Thursday, June 12, 2014

All Over the Place

Dagnab it, I'm not supposed to be this busy and distracted when I'm traveling!  I guess I'm not complaining.  But I am behind.

On my flight to San Francisco I read Afrekete, edited by Catherine E. McKinley and L. Joyce DeLaney, published by Anchor Books in 1995.  It's an anthology of Black Lesbian writing, and as usual with anthologies, it's a mixed bag, very uneven.  One of the more interesting pieces is "Revelations" by Linda Villarosa, about the former Essence editor's experience coming out as lesbian and encountering conservative Christian objections to homosexuality.

Like so many gay people who've grown up in what might be called soft-shell churches, it had never occurred to Villarosa that there might be any conflict between her Christianity and her lesbianism.  When she discovered that many people thought there was, she did a little research.  Not too much -- just enough so she could say she'd been there and done that.  And right off, she came up with one of those delicious tidbits of ignorance, like the Saint James Bible, that make gay Christians so entertaining:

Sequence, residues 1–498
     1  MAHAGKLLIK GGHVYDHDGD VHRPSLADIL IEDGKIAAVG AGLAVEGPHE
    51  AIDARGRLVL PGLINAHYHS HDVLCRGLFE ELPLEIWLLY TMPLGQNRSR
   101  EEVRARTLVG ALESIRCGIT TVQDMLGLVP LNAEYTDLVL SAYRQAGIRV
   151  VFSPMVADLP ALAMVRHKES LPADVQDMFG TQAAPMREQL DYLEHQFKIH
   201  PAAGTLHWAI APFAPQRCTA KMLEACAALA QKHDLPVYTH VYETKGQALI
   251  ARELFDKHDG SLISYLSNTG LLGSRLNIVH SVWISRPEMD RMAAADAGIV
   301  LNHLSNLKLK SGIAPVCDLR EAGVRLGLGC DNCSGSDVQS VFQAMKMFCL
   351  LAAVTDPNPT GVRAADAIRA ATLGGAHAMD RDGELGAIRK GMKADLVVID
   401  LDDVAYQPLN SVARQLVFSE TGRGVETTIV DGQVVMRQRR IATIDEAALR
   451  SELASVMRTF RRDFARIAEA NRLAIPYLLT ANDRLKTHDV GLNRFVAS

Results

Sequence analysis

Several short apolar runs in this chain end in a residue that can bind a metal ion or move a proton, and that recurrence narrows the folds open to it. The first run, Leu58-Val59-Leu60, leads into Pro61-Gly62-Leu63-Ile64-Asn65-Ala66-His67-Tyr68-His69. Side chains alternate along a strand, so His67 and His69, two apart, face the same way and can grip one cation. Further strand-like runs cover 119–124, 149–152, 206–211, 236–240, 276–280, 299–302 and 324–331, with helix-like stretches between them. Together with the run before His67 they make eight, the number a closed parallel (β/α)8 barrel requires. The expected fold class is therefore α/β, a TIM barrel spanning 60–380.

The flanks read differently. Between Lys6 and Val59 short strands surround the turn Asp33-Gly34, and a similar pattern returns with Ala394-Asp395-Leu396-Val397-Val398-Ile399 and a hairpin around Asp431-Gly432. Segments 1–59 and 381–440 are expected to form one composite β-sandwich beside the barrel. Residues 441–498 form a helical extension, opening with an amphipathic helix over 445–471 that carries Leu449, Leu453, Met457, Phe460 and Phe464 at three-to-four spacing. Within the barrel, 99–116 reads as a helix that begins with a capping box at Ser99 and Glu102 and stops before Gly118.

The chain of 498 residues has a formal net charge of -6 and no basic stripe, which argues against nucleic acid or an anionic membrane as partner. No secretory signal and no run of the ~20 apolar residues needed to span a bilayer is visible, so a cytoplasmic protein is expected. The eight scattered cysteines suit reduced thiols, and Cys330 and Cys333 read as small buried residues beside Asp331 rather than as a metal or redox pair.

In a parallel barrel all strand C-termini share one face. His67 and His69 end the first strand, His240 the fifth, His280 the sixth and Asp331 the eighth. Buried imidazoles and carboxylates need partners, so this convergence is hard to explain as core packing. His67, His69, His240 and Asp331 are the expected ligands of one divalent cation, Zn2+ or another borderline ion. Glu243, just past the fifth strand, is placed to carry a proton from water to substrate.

The New Testament had been written in Greek and then translated into Hebrew [221].
I've never seen this one before.  As a collector of gay Christian misinformation, I'm always delighted to encounter a new specimen.  Yes, there have been translations of the New Testament into Hebrew, but they were made centuries after the originals were written, and they have nothing to do with the main tradition of the Biblical text: no English translation would use them as source material.  Villarosa seems to believe that an official Hebrew version was prepared early on for use by the church, which of course isn't true.  It's a minor error, but still revealing of the biblical illiteracy of so many American Christians.

Today there's a fuss about some remarks made about homosexuality by Texas governor Rick Perry while he was on a goodwill mission to the heathen state of California.  In the very heart of Sodom, San Francisco itself, Perry told an audience last night: